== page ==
Most dietary protein is hydrolyzed and absorbed in the small intestine and foregut via endogenous enzymes into amino acids and peptides. There are several factors that influence protein digestibility, these include quality of protein, absorptive capacity of the animal, and efficacy of endogenous and exogenous enzymes. Any protein that is not digested and absorbed in the small intestine passes to the hindgut and becomes residual protein. Residual protein consists of undigested protein from the foregut as well as endogenous protein and recycled systemic protein. This hindgut protein is broken down by microbiota into amino acids and by a series of processes leads to hindgut fermentation causing the release of nitrogenous toxins or outputs such as short-chain fatty acids, branched chain fatty acid, NH4+ (hydrogenated ammonia), and sulfur compounds. Nitrogenous toxins are harmful to the animal and can result in disrupted intestinal barrier, increased susceptibility to enteric stress, increased nitrogen emissions (environmental ammonia), and reduced animal welfare.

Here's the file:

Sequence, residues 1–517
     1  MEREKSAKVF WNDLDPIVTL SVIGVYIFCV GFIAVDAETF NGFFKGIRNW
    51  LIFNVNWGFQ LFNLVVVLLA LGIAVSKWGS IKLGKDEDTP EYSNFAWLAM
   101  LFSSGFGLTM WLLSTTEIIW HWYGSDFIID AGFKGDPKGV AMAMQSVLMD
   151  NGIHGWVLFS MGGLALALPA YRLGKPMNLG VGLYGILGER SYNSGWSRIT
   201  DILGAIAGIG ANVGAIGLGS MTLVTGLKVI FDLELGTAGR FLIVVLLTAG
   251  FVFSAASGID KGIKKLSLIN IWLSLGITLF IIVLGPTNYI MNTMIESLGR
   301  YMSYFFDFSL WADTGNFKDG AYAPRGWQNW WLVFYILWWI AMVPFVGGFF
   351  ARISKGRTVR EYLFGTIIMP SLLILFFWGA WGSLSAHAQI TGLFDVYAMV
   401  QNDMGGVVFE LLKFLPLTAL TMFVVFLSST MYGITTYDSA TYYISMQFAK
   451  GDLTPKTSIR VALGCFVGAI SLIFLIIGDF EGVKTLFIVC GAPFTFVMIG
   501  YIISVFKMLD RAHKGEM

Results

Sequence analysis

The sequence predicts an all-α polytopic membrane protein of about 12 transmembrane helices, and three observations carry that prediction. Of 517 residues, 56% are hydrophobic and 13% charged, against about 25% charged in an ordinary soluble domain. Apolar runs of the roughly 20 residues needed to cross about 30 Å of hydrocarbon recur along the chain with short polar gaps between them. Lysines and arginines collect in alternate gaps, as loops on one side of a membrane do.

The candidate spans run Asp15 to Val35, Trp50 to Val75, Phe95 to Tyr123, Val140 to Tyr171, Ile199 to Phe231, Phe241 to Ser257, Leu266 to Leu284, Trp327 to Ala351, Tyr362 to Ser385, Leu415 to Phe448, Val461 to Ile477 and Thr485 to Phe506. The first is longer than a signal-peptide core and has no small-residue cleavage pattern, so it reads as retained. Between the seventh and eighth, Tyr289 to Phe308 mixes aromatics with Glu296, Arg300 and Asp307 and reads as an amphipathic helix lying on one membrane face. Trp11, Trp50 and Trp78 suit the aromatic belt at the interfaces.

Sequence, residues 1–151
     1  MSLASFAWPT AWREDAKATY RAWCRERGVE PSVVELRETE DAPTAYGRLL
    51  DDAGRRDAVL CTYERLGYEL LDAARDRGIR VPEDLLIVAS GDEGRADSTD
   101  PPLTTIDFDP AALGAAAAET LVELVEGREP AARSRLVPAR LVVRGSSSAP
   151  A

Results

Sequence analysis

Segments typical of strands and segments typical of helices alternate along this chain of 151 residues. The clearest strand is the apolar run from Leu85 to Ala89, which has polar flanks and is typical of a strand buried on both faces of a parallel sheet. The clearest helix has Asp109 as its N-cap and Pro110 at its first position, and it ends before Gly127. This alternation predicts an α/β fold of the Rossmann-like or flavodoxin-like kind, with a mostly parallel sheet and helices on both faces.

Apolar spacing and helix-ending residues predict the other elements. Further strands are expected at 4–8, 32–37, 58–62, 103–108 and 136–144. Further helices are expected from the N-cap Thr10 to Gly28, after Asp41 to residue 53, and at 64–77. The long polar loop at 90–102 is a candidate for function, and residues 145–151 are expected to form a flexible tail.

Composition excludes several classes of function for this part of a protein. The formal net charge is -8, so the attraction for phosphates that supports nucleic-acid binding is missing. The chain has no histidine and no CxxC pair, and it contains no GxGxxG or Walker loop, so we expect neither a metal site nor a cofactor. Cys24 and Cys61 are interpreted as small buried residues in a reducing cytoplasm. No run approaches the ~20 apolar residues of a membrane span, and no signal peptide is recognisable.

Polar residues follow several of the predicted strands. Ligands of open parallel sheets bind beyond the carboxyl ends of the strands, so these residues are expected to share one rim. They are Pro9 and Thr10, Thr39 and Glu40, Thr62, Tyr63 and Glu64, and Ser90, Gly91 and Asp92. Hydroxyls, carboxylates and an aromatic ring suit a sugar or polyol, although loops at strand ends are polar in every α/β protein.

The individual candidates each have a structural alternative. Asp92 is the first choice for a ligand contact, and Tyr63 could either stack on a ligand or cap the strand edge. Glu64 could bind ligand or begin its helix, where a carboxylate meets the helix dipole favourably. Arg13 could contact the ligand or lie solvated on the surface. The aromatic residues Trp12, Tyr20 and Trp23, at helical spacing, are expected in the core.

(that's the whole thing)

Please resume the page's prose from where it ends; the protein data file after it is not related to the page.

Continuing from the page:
There are strategies that can be implemented to mitigate toxicity effects including the reduction of residual protein and redirecting nitrogen in the hindgut. By improving protein utilization in the foregut or small intestine, less protein will pass to the hindgut, therefore reducing residual protein. This can be done by phase feeding protein levels, formulating low protein diets, using synthetic amino acids, and/or utilizing exogenous enzymes such as a protease to improve protein and amino acid digestion and absorption. With the help of endogenous enzymes, exogenous enzymes can maximize protein digestion and decrease the amount of residual protein reaching the hindgut. Even with these strategies there is still some protein present in the hindgut.
In the hindgut a precision biotic (tailored oligosaccharide) can redirect the negative outcomes of residual protein. For example, increasing short chain fatty acid production (i.e. butyric acid) and reducing the amount of ammonia and other inflammatory compounds. This strategy can improve pathways for nitrogen utilization and decrease the negative effects of nitrogenous toxins. By redirecting nitrogen, enteric stress is decreased. This strategy also has an impact outside the animal by reducing nitrogen compounds (i.e. ammonia) into the environment and improving litter conditions and bird welfare.
There are opportunities in both the foregut and the hindgut to redirect or re-utilize excess protein and nitrogen. By improving these biological processes, the negative outcomes of ammonia and nitrogenous toxins can be reduced to benefit the animal and its environment.